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  2. tdotsports1 says:

    Rosenthal said the Jays are not likely suitors anymore – apparently not willing to pony up the top prospects needed for a possible two year rental.

    However, the Jays have never commented on anything really (see Darvish, Yu) and its hard to tell what they might try and pull off.

    I think he’d be a great fit in TO behind Romero as the #2/3.

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    • shaneleavitt says:

      Anthopoulos values years of control. It’s exremely unlikely he’s going to drop an overpay of high caliber prospects he’s worked hard to acquire for just two years of someone he’s going to have to pay $20 MM to.

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      • Blake says:

        … unless he feels confident that an extension can be worked out.

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      • shaneleavitt says:

        That would seem unlikely favourable from Garza’s point of view A) because he’s soon to get his first crack at FA and B) The Blue Jays are finicky about contract lengths (not more than 5 yrs), especially to pitchers (Anthopoulos had to sell Beeston on doing a 5 yr extension to Romero most recently). But sure, ya never know, could happen man.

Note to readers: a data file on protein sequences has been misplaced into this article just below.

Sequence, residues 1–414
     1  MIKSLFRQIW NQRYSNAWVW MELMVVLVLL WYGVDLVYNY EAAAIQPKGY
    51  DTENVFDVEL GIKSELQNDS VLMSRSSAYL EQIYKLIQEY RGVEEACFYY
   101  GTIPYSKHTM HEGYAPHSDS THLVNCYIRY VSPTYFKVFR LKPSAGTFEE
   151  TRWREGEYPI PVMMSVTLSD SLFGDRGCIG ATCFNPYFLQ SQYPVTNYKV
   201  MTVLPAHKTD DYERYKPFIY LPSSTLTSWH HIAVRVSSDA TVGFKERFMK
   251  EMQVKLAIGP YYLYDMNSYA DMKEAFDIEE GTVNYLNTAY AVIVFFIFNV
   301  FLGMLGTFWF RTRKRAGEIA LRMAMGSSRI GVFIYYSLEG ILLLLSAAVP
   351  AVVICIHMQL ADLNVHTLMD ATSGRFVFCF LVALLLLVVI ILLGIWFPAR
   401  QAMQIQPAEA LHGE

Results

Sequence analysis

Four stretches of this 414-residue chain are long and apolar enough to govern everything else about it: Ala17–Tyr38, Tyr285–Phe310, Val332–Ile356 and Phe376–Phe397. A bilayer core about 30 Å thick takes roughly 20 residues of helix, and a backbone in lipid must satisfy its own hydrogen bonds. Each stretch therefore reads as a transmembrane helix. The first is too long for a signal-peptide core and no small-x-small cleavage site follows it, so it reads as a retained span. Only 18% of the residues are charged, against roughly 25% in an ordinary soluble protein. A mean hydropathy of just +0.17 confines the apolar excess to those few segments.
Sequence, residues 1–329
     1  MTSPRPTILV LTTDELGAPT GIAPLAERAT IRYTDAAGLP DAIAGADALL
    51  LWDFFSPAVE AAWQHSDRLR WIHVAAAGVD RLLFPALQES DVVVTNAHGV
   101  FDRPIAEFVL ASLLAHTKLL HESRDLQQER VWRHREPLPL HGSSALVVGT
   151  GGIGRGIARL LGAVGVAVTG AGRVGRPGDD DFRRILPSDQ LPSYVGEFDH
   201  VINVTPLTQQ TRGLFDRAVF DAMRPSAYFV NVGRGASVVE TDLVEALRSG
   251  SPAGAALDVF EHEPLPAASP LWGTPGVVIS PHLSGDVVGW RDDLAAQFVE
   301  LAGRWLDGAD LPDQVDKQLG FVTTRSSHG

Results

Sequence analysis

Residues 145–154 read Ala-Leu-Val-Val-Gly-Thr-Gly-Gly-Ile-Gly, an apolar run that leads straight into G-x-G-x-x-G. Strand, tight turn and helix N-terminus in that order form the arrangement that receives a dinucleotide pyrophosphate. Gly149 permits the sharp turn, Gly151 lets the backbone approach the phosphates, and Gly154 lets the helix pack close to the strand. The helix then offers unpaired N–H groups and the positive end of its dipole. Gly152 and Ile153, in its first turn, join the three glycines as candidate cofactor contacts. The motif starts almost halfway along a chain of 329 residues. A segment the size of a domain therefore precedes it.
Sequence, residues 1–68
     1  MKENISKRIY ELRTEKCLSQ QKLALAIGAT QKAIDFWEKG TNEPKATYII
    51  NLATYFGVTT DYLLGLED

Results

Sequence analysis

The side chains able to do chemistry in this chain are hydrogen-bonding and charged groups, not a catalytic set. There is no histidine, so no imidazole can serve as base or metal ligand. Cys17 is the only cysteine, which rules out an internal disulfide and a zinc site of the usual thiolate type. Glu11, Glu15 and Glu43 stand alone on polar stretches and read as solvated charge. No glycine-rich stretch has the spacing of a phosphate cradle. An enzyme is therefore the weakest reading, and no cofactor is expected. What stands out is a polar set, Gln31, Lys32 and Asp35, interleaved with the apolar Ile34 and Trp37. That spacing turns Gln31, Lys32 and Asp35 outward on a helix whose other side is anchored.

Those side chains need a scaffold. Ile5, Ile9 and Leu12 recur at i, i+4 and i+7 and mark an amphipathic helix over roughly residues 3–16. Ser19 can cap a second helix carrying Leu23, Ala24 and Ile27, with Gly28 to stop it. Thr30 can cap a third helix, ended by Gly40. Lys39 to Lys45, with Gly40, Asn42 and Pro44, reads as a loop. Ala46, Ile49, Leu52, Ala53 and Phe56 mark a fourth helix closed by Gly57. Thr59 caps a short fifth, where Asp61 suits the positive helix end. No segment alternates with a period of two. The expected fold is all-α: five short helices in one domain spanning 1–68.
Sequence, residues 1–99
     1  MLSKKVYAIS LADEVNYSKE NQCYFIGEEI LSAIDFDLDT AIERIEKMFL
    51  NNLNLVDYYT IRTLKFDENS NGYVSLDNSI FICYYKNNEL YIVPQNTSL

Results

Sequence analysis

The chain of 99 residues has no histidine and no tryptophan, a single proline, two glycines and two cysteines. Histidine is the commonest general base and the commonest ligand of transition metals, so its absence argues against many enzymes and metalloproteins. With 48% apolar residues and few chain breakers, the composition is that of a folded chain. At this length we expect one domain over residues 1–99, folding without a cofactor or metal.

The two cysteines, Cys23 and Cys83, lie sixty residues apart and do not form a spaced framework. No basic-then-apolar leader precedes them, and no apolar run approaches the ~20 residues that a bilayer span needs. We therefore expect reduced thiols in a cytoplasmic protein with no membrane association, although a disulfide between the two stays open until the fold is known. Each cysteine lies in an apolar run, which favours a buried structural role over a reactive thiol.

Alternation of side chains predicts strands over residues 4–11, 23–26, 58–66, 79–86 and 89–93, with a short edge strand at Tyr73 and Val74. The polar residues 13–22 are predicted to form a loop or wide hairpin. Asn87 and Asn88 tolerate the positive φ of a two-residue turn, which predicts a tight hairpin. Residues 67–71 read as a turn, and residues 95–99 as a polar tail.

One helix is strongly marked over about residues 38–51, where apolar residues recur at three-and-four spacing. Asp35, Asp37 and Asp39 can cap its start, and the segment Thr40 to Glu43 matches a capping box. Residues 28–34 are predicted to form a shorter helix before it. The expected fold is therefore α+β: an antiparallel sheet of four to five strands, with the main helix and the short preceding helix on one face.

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      • Blake says:

        Yeah, agreed… I just meant that’d be the only way I could see AA doing it. Maybe extending him through his first three FA years.

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    • Dick Almighty says:

      There’s no such thing as a “two-year rental.”

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  3. bpaoni says:

    Seriously, what is with this two year rental crap? Two FULL years is not a rental, a rental player is someone you get at the dead line who is a free agent at years end. Just because he has less time than a Latos(head case) or Gio( sir walks-a-lot) doesn’t make him that much less valuable than them.

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    • mb21 says: